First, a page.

President Trump Holds A News Conference At The White House
U.S. President Donald Trump speaks during a news conference in the briefing room of the White House on September 23, 2020 in Washington, DC. Trump fielded questions about a coronavirus vaccine and the latest developments in the Breonna Taylor case among other topics. (Photo by Joshua Roberts/Getty Images)

While the world opens up and China has pool parties, we can’t even go to the grocery store without worrying about our lives, because our current president lacks the moral courage and aptitude to lead. But that’s nothing new. For more than three years we have watched him use bigotry, dog whistles, race, and ZIP codes to further divide this country.

He has shredded the Bill of Rights and eroded the moral fiber that holds this country together. But truth be told, as Black men we are accustomed to this nonsense: advocating tirelessly for ourselves and our communities and routinely being ignored, disregarded and treated like second-class citizens. We care so much about a country that still doesn’t seem to care about us.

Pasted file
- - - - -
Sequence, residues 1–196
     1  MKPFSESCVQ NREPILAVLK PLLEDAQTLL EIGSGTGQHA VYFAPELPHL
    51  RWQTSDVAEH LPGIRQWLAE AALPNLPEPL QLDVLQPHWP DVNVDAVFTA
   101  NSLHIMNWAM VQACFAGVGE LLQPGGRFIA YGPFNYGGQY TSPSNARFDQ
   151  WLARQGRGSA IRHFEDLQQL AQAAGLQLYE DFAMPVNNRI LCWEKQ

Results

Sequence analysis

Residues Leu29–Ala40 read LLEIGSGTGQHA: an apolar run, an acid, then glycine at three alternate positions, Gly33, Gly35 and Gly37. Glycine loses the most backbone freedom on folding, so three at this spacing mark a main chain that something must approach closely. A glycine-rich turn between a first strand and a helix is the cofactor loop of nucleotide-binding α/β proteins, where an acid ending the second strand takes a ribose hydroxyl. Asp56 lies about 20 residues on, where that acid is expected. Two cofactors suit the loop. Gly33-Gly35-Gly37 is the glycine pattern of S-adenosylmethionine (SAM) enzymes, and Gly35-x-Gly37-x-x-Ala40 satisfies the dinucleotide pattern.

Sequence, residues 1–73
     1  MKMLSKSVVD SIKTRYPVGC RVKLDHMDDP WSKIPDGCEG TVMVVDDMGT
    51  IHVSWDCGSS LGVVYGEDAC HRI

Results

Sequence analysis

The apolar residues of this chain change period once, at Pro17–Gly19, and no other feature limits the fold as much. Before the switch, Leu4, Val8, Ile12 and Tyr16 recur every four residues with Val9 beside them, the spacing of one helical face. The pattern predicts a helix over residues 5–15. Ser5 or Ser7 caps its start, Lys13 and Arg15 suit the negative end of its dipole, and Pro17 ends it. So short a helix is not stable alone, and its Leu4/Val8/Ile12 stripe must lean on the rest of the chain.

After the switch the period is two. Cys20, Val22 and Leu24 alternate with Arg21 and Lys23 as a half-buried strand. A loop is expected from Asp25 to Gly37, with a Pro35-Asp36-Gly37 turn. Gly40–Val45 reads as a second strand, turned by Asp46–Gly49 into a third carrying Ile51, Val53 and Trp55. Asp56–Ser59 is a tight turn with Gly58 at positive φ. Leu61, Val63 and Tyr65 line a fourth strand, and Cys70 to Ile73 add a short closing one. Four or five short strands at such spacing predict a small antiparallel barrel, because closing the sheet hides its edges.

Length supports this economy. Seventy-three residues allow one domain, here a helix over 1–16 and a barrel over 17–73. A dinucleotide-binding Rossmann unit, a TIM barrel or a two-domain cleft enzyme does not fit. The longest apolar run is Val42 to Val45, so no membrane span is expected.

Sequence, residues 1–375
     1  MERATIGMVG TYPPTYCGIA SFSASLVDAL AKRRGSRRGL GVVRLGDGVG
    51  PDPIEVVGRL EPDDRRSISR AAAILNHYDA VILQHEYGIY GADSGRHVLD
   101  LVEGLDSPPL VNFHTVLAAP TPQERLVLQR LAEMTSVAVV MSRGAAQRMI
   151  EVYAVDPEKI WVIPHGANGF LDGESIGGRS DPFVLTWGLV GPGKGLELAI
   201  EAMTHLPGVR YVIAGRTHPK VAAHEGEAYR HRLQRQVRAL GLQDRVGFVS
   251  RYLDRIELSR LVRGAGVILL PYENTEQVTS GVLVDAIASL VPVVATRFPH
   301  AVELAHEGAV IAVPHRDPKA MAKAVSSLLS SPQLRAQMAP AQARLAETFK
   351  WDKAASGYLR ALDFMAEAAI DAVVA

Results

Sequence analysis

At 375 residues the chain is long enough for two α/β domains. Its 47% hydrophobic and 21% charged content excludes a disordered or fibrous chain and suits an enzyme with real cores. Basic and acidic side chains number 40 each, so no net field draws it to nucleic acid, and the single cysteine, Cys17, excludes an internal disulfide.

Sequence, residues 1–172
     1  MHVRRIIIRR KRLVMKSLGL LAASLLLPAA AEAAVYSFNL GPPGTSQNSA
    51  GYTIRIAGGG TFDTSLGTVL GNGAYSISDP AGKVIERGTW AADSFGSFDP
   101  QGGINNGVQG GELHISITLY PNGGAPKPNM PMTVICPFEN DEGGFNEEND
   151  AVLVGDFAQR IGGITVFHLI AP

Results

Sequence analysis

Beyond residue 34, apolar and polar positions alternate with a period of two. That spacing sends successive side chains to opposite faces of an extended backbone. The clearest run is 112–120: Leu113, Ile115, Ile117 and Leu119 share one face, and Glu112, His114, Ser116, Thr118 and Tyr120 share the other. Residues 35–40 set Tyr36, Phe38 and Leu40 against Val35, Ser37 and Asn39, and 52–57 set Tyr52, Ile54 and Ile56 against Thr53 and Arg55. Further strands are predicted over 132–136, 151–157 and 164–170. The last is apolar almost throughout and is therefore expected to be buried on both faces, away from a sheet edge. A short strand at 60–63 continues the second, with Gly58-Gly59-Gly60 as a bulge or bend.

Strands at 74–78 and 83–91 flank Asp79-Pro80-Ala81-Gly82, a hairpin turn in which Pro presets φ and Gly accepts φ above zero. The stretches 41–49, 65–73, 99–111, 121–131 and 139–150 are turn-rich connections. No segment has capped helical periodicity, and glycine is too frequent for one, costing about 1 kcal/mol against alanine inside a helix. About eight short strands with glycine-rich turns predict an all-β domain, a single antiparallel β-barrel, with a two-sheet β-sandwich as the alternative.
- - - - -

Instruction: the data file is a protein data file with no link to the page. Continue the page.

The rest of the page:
But what are we going to do about it? 

It’s hard and I’m tired, but the alternative to fighting is letting yourself die. That’s not us. Our tears have watered these crops. Our blood has enriched this soil. Our souls are tied to this country. We have done too much to give up everything now. Generation after generation we demand the same equalities and fight for the causes. This fight seems never ending, but nothing worth having comes easy. 

Real change is a long journey. It’s more than voting in a presidential election, it’s voting in local and state elections as well. It’s going out, showing up, and continuing to demand better because America needs us to save it from itself, once again. ‘

Now, I told you I wasn’t going to preach because at the end of the day you know what you’re going to do. Who am I to convince a fish it needs water? The only question now is whether you’re going to mail in your ballot or go to the polls in person. 


Richard Fowler is the youngest syndicated progressive and/or African-American radio host in the United States. Fowler is a Fox News Contributor, Chairman of the Center, Black Equity Leadership Council  and a Senior Fellow at the New Leaders Council. Follow him on Instagram and Twitter @Richardafowler.